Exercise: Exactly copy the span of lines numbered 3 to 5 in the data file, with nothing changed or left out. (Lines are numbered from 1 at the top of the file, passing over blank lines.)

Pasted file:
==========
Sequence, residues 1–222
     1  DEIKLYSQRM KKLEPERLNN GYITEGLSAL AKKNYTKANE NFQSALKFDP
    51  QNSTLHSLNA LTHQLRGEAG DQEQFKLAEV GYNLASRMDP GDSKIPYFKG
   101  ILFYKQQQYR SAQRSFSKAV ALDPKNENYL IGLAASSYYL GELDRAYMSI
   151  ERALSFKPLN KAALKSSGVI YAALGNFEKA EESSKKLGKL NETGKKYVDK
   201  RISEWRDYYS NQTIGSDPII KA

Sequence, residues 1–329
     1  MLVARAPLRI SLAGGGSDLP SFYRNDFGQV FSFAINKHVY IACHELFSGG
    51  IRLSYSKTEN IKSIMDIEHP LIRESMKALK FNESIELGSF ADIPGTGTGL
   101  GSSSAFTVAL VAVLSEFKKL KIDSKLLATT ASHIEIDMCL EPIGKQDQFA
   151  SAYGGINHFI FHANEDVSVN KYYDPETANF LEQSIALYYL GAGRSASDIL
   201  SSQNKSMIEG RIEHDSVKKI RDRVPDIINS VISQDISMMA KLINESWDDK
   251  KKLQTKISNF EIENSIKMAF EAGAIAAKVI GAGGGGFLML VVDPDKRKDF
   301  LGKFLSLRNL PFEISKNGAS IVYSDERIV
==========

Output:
    51  QNSTLHSLNA LTHQLRGEAG DQEQFKLAEV GYNLASRMDP GDSKIPYFKG
   101  ILFYKQQQYR SAQRSFSKAV ALDPKNENYL IGLAASSYYL GELDRAYMSI
   151  ERALSFKPLN KAALKSSGVI YAALGNFEKA EESSKKLGKL NETGKKYVDK